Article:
I think Molly Beth Griffin’s novel Silhouette of a Sparrow might just be the best lesbian young adult novel I’ve ever read. I don’t say that lightly. It has everything I could hope for: effortless yet beautiful writing, an authentic and lovable young heroine, a subtle and moving romance, an environmentalist sub-plot—honestly, what more could you ask for? I think, though, that what I appreciated the most about this book is that, while the romance is cute and sexy and authentic and great, it wasn’t the focal point of the novel. Rather, it’s the character development of the protagonist, Garnet, that Griffin is focused on throughout. I would be the first to admit that the romance was my favourite part, but I am also really pleased to read a book about a young woman whose interests are diverse. I think too often, especially in young adult books, even queer women characters continue to be defined by their romantic relationships.
Garnet is a strange and interesting mixture of artist and ornithologist (someone who studies birds). She’s rebellious by 1920s standards, but Griffin resists the urge to make her so modern as to disturb the carefully constructed historical accuracy of the book, which deals thoughtfully and realistically with issues surrounding class, gender, race, and sexuality. For example, Griffin writes about Garnet’s prejudice and preconceived notions about African-Americans at the same time that she explores the friendships that occur between working class white and black folks. It would have been tempting to pretend a young middle-class white woman at that time wouldn’t have been raised in an explicitly racist environment, especially if you want modern readers to sympathize with her. Griffin, however, resists that temptation and I think this strategy is an honest acknowledgement of racism and a much braver approach than presenting a historically inaccurately rosy picture of racial harmony.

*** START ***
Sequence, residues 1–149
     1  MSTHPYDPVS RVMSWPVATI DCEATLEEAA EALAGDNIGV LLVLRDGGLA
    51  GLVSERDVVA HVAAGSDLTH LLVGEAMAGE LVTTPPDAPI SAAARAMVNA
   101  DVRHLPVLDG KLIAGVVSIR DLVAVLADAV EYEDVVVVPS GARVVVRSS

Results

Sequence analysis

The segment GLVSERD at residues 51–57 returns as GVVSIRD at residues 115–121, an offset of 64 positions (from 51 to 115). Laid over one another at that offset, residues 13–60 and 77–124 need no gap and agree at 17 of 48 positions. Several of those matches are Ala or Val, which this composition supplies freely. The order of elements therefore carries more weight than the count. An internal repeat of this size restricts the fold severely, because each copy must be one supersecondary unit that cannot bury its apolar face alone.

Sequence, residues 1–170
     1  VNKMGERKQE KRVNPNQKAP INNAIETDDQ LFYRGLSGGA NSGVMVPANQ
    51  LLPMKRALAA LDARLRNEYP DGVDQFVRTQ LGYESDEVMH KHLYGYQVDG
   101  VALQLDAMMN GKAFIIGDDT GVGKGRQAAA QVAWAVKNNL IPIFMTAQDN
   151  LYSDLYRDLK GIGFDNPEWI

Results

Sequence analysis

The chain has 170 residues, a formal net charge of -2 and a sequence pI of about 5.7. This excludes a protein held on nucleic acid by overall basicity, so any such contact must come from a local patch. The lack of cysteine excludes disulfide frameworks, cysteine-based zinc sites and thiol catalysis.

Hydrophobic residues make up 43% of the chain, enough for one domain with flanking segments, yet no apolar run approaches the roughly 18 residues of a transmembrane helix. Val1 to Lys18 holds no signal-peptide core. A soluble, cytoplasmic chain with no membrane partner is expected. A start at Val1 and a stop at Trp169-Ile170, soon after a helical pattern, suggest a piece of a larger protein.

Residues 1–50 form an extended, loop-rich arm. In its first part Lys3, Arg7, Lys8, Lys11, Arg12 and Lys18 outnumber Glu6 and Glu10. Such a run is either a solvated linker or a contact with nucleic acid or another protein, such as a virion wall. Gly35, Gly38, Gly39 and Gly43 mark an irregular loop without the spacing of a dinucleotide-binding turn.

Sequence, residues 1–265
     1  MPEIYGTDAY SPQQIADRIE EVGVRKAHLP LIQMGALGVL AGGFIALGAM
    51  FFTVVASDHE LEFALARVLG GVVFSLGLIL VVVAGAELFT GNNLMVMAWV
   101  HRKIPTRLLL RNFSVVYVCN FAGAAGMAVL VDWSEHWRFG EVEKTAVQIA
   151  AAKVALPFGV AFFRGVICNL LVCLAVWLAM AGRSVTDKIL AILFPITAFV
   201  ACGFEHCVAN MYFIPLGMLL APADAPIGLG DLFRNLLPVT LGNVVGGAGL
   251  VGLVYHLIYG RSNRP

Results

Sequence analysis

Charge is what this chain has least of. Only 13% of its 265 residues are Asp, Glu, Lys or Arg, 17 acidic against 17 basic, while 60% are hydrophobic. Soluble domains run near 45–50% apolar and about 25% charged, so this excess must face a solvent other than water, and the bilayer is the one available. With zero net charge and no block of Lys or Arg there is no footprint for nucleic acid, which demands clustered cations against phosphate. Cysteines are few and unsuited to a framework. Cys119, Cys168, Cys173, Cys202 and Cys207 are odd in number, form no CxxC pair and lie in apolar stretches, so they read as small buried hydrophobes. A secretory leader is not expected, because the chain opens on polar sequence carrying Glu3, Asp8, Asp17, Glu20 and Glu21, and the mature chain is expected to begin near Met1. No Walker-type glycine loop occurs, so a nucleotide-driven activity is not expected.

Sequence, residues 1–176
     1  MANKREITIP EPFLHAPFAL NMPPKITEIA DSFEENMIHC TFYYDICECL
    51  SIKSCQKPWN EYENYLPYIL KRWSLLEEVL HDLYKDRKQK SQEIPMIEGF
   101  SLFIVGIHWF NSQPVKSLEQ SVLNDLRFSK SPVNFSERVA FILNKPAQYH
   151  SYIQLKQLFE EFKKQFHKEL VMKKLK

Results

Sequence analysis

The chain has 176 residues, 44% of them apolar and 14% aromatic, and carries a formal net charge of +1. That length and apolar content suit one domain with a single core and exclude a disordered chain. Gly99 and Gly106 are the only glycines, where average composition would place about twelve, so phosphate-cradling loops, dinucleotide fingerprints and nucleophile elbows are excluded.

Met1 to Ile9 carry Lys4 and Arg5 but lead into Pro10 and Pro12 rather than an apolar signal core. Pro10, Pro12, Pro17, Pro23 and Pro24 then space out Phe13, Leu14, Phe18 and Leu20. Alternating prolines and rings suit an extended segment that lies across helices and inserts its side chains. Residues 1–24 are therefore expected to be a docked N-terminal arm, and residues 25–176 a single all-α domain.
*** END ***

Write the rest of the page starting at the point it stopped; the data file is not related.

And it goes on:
Okay, I have to talk about the romance a little bit, especially since it has a classic romantic ‘caught in the rain’ moment, which is my favourite:
“I looked over at Isabella—those perfect lips, that short hair starting to dry with little tufts sticking up at funny angles, those boyish clothes all rumpled and soaked. I wanted to tell her secrets I hadn’t even told myself yet.”
Ah, that moment just before you kiss, when you know it’s about to happen, and you’re really excited but kind of terrified and it makes you feel like an entirely new person but wholly yourself at the same time? Griffin does a great job of capturing their teenage romance and of painting Isabella as an enticing, rebellious, and sexy young woman, yet also a flawed, complex human being.
As great as Isabella is, though, it’s Garnet’s personal journey that is really the star of this novel. Revelations such as this one border on the philosophical:
I looked closely at my edges, my boundaries, the slightly elongated lines that set me apart from lake and sky and island and bird and boat. I looked closely, pretending that I knew nothing about the girl I saw, pretending that she was some beautiful creature whose borders contained something worth holding in—something unique and extraordinary, something worth saving. I looked closely, the way I’d taught myself to look at birds, the way I’d learned to look at Isabella, and I saw myself. Then those scissors were cutting after all, as I snipped out my own image. I ignored the small ripples of the water and traced the lines that separated me from the world, and the lines that fit me into that world like the piece of a puzzle.
This passage actually reminded me in some strange way of Jeanette Winterson’s recent memoir; I might go as far as to say that Silhouette of a Sparrow is as inspiring, insightful, and beautifully written as Why Be Happy When You Could Be Normal?—albeit a fictional, young adult version. From me, the praise can’t get much higher than that. Please, go pick up this book!